Wholeness, Imagination, and Cosmos with Iain McGilchrist, Ralston College, USA

  Wednesday 13th to Friday 15th March 2024, 5pm to 7pm
(in-person event – and recorded for registered attendees) 

Event description.

The Sophia Lectures explore the perennial questions of philosophy as they bear on the meaning and value of modern life.  While the lecture series aims to make sense of our contemporary moment, it does so through the study of Western culture’s foundational texts, ideas, and spiritual insights

This year’s Sophia Lectures – Wholeness, Imagination, and the Cosmos – will be given by the distinguished psychiatrist, neuroscience researcher, philosopher, and literary scholar, Dr Iain McGilchrist. 

The word ‘cosmos’ implies a beautiful and harmonious whole. For at least the last 300 years, and arguably much longer in the Western world, we have come to see the universe as at best a mechanism, if not a mere agglomeration of material bits and pieces, without intrinsic order, purpose, or meaning.  Its wholeness has been lost, and with it our capacity to understand ourselves in relation to that whole.  This follows an exaggerated tendency to use our analytic, and therefore naturally fragmenting, faculty to the exclusion of our capacity to see complex wholes, and above all to understand the profoundly relational nature of all that exists.  This tension arises because of the necessary evolutionary specialisations of the two cerebral hemispheres, a tension which can and should be fruitful; we need harmony between both ways of being in the world if we are to flourish.  In the absence of that harmony, the harmony that brings depth to life, the world is drained of its meaning.  But crucially, though each hemisphere plays a role, they are not of equal import.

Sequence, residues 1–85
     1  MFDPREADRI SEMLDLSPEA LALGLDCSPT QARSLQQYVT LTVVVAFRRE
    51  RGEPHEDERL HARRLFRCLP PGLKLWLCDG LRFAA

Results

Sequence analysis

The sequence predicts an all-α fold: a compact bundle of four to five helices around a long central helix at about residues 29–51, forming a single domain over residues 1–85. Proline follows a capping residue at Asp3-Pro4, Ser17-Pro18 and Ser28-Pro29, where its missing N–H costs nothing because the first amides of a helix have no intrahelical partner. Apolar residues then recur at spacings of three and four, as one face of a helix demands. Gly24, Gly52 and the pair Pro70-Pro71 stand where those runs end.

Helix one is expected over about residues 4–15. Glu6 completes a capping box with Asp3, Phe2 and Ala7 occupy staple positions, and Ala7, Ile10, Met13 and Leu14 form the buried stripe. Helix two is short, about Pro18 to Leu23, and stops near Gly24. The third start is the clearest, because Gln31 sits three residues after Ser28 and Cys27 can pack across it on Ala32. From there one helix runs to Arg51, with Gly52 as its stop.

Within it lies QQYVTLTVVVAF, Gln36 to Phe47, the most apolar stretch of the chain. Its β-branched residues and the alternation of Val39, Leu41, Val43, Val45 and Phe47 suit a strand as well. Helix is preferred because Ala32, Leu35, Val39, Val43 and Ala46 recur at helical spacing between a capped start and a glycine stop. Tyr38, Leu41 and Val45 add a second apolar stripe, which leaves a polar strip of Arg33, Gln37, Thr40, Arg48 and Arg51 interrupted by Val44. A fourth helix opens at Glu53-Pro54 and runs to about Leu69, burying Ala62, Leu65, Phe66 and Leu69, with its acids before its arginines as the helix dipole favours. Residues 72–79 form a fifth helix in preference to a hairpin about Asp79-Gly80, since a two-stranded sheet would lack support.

In these three lectures, Dr McGilchrist will draw on neuropsychology and physics, as well as the Humanities – philosophy, poetry, music, painting, and myth. He will elaborate the important differences between the two hemispheres in three principal respects; first, in regard to the important creative dance between division and union, in which each plays a part, but which must be brought together in a union at a higher level; second, the importance of this cooperative relationship being asymmetrical in nature, as well as the part played by asymmetry in every part of the cosmos, especially in life and beauty; and third, how to understand paradox – in particular how we can begin to make sense of the concept of the infinite. Dr McGilchrist fears that if we fail to understand these matters, we will continue to sleepwalk into the abyss. 

Please join us for one or all of these lectures:

  • Session 1: Division and Union
  • Session 2: Symmetry and Asymmetry 
  • Session 3: Finitude and the Infinite

These events are free, open to the public and will be recorded. 

To reserve your place and further details (including location), please register here here.